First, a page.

Discipline/Event: Canoe Slalom, C2 and K1
Position: Bow, front of boat
Hometown: Woodstock, Georgia
Birthplace: Marietta, Georgia
Current Residence: Gastonia, North Carolina
College: Gaston College
Club: Nantahala Racing Club
2014 U.S. Senior Team Member
- 2012: 12th
How He Qualified: Consistency was key for Hurd, 26, and Jeff Larimer, 31, to emerge among a trio of U.S. doubles canoe boats with the lone Olympic slot. earned the Olympic boat quota slot in Men’s Slalom Kayak for the U.S. by winning Gold at the 2012 Pan American Championships in Foz do Iguassu, Brazil on March 10. Hurd and Larimer then earned points toward Olympic selection by finishing 1st at the 2012 U.S. Olympic Team Trials in Charlotte on April 14. Finally, the tandem clinched the spot for themselves with a 9th place finish at the 2012 World Cup No. 1 in Cardiff, Wales on June 10.
- 2014 U.S. Team Trials: 2nd in C2 with Jeff Larimer
- 2014 U.S. Open: 4th in K1
- 2012 U.S. National Championships: 1st in C2, 2nd in K1
- 2012 World Cup No. 1: 9th in C2
- 2012 U.S. Olympic Team Trials: 1st in C2, 5th in K1
- 2011 Pan American Championships: GOLD in C2
- 2011 World Championships: 32nd in C2
- 2011 National Championships: 2nd in C2, 2nd in K1
- 2011 World Cup No. 3: 18th
- 2010 U.S. Open: 1st in K1
- 2010 ICF International: BRONZE in K1
- 2008 Pan American Championships: SILVER in K1
Like Fathers, Like Sons: Hurd, 26, and Larimer, 31, are both following in the wake of their paddling fathers, Mike Hurd and Mike Larimer. The elder Hurd and Larimer trained with each other on the Chattahoochee River just north of Atlanta. Mike Hurd was also a high school All-American basketball player. Mike Larimer narrowly missed out on paddling for Team USA at the 1992 Olympic Games, but he was able to coach the U.S. Canoe/Kayak Team at the Atlanta 1996 Olympics. Surprisingly, their sons have only recently joined forces in doubles canoe. But the duo quickly established themselves as the best C-2 boat in North and South America with a Gold medal at the 2012 Pan American Championships.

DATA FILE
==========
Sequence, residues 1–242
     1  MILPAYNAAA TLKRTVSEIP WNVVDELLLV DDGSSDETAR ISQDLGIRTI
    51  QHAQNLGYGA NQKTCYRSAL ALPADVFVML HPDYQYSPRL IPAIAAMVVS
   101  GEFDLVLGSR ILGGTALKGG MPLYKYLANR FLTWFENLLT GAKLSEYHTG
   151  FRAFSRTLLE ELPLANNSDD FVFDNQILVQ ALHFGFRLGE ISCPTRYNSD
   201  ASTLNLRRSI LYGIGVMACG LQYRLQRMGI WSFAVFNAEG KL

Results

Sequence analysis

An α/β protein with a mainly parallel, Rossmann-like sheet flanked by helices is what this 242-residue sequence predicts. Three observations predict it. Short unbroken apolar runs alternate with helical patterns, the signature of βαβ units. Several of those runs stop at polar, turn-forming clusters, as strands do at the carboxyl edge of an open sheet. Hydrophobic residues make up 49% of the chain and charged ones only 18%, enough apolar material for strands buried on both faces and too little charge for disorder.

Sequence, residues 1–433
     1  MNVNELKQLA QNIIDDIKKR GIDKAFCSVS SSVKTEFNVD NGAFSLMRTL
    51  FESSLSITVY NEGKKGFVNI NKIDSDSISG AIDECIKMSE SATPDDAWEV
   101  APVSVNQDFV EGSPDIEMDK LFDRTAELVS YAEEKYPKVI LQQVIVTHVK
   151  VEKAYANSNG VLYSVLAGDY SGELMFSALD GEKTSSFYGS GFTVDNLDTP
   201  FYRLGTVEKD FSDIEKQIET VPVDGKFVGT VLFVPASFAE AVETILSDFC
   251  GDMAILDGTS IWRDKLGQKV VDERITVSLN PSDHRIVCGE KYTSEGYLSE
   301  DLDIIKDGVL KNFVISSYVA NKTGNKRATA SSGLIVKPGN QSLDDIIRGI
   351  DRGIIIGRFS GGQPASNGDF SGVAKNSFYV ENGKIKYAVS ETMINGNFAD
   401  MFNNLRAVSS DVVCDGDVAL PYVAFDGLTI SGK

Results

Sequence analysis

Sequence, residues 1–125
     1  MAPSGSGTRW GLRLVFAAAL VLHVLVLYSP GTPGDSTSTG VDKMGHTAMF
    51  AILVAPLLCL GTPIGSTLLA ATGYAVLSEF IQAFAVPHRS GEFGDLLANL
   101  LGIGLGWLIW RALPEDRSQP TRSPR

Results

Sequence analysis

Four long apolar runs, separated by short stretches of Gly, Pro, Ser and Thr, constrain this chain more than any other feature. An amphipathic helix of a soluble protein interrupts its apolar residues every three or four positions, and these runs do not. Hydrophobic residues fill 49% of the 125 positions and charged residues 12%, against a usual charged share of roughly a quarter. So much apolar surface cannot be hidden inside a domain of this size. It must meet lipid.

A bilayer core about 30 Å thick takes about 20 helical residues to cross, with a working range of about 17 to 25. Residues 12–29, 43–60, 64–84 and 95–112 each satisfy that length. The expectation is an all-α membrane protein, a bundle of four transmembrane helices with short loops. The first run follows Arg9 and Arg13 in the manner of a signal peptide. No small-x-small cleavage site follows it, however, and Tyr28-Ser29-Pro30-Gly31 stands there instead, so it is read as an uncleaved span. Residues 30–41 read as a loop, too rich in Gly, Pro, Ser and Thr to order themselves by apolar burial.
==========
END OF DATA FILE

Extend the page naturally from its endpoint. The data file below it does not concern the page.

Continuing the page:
Fiance: Becca Kirlin, wedding set for September 29, 2012
Hobbies: alternative fuels, recycling
Quote: "Some run a race to see who's fastest. I run a race to see who has the most guts."
How’d you get that name? I believe it was spring 1999. I was at a training camp in Washington D.C. on the Potomac River, with a team of all ages. I was the youngest, so naturally, I was the one to get the dares and pranks. One evening, while at a steak restaurant, my teammates bet that I couldn’t eat all the butter that came with the bread appetizer. Of course, looking up to the older athletes, I ate it all - without thinking twice. It was just one of those nicknames that stuck. It fully solidified on a world level later that summer. At the Junior World Championships in Poland, I had just [secured] 15th place in the world for the “18-and-under” category. I was 13. My coach came over to me and said, “I guess you’ve got to be Butter, because you are on a roll.”
Eric’s training began at the “waterworks” in Atlanta- a single class II rapid with numerous gates set up for training during the week. On weekends he and his father would travel to the Nantahala Outdoor Center, in western North Carolina, for more extensive workouts on the Nantahala River. In August 2006, the US National Whitewater Center opened in Charlotte, North Carolina. Naturally, Eric moved to train on the hardest racecourse ever built in the country.
Overall, the sport has enabled Eric’s incredible work ethic and dedication to shine, as he is a strong-willed and big-hearted athlete. He has taken on other roles in the local community such as volunteering for organizations like the Gastonia Junior Chamber, the Schiele Museum of Natural History and Keep Gastonia Beautiful. Eric has continued to challenge himself as he continues his education, going to school in the fall semester when training is less intense. He intends to continue until he receives a Bachelor’s degree.
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